SUBJECT: Ph.D. Dissertation Defense
BY: Jordan Rader
TIME: Friday, June 21, 2013, 9:30 a.m.
PLACE: Love Building, 210
TITLE: Thermal Performance of Finger-Type Gas-Cooled Divertors
COMMITTEE: Dr. Said. I. Abdel-Khalik, Co-Chair (ME)
Dr. Minami Yoda, Co-Chair (ME)
Dr. S. Mostafa Ghiaasiaan (ME)
Dr. Michael Schatz (PHYS)
Dr. Thorsten Stoesser (Cardiff Univ.)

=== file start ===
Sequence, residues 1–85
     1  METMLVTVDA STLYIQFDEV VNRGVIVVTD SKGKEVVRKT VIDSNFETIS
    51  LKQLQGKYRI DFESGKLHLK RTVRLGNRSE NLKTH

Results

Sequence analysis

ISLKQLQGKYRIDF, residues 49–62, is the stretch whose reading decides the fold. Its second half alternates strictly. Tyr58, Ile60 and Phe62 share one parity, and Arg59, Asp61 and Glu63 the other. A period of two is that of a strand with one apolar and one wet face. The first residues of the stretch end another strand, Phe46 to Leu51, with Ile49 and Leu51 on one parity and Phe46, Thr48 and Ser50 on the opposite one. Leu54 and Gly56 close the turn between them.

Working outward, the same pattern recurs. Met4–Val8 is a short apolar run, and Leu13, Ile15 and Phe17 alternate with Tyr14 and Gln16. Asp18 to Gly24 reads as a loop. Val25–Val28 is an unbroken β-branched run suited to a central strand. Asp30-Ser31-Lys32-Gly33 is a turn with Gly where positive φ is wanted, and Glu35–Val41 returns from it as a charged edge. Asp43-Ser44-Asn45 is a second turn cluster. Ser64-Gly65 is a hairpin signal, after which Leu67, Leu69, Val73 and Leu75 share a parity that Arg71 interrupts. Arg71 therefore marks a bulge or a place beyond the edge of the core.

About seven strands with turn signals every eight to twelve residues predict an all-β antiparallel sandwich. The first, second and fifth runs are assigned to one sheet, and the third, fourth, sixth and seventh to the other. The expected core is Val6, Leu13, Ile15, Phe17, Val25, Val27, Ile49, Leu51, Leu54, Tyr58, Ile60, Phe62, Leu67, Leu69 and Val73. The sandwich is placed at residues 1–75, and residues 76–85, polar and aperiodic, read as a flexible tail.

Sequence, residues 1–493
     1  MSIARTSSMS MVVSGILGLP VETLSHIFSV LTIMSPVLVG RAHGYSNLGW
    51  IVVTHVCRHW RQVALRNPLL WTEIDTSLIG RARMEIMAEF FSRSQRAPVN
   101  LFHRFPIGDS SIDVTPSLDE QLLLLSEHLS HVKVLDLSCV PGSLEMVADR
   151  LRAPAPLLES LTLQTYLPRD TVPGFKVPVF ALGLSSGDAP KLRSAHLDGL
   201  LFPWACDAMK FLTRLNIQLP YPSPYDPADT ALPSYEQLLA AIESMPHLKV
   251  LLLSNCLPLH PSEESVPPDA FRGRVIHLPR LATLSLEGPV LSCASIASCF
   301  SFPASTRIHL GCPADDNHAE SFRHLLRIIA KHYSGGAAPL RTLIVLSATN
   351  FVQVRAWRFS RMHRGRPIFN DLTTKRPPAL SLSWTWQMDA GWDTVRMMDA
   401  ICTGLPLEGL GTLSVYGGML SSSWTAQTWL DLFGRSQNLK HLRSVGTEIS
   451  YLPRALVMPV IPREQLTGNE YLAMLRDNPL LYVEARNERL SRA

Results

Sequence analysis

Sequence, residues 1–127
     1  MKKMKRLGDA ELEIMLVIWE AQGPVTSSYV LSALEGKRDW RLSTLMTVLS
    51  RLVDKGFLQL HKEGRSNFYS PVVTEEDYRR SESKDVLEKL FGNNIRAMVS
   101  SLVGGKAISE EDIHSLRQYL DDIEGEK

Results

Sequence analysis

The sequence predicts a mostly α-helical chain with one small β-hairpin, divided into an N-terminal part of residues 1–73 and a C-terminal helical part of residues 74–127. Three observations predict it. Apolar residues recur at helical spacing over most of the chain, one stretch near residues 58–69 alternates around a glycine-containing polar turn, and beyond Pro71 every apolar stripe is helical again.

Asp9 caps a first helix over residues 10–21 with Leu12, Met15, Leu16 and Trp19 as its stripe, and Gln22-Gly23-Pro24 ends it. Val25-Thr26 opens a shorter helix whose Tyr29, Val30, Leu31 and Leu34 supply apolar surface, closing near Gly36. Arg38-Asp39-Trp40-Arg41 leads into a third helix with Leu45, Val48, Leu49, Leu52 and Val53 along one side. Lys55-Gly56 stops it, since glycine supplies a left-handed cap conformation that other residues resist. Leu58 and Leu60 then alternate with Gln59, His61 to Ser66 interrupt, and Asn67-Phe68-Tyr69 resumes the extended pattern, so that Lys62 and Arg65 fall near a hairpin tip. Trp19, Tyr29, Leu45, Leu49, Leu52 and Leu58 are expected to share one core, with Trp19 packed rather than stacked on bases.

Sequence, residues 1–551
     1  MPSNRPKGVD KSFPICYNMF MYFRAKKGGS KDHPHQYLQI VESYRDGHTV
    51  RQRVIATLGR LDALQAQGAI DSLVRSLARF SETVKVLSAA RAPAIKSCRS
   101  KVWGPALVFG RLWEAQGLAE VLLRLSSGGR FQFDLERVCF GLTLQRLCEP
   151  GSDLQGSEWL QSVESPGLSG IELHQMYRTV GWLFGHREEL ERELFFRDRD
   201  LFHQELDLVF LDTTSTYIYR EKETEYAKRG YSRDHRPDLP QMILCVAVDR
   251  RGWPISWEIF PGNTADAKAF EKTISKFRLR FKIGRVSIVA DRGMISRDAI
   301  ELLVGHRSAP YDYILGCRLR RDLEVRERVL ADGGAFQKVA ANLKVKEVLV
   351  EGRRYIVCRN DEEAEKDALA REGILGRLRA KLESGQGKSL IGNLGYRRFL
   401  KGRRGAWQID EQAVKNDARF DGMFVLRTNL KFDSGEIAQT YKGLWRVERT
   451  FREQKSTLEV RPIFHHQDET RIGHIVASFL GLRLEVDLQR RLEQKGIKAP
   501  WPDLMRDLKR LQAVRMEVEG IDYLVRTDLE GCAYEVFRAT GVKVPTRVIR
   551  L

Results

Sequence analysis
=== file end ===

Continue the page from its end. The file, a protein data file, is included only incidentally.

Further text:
A significant factor in the overall efficiency of the balance of plant for a future magnetic fusion energy (MFE) reactor is the thermal performance of the divertor. A significant fraction of the reactor power is delivered to the divertor as plasma impurities and fusion products are deposited on its surface. For an advanced MFE device, an average divertor heat load of 10 MW/m^2 is expected at steady-state operating conditions. Helium cooling of the divertors is one of the most effective ways to accommodate such a heat load. Several helium-cooled divertor designs have been proposed and/or studied during the past decade including the T-Tube divertor, the helium-cooled flat plate (HCFP) divertor, the helium-cooled multi-jet (HEMJ) divertor, the helium-cooled modular divertor with integral fin array (HEMP), and the helium-cooled modular divertor with slot array (HEMS). All of these designs rely on some form of heat transfer enhancement via impinging jets or cooling fins to help improve the heat removal capability of the divertor. For all of these designs very large heat transfer coefficients on the order of 50-60 kW/m^2-K have been predicted. As the conditions of a fusion reactor and associated helium flow conditions (600 C and 10 MPa) are difficult to achieve safely in a controlled laboratory environment, the study of these divertors often relies on computer simulations and experimental modeling at non-prototypical, albeit dynamically similar, conditions. Earlier studies were based on the assumption that, for geometrically similar divertor test modules, dynamic similarity can be achieved by matching only the Reynolds number. Experiments conducted in this investigation using different coolants and test module materials have shown this assumption to be false. Modified correlations for the Nusselt number and loss coefficients for the HEMJ and HEMP-like divertor modules have been developed. These have been used to develop generalized performance curves to predict the divertor performance, i.e. the maximum allowable heat flux and corresponding pumping power fraction, at prototypical conditions. Additionally, a numerical study has been performed to optimize the fin array geometry of the HEMP-like divertor module. The generalized correlations and performance curves developed in this investigation can be incorporated into system design codes, thereby allowing system designers to optimize the divertor geometry and operating conditions.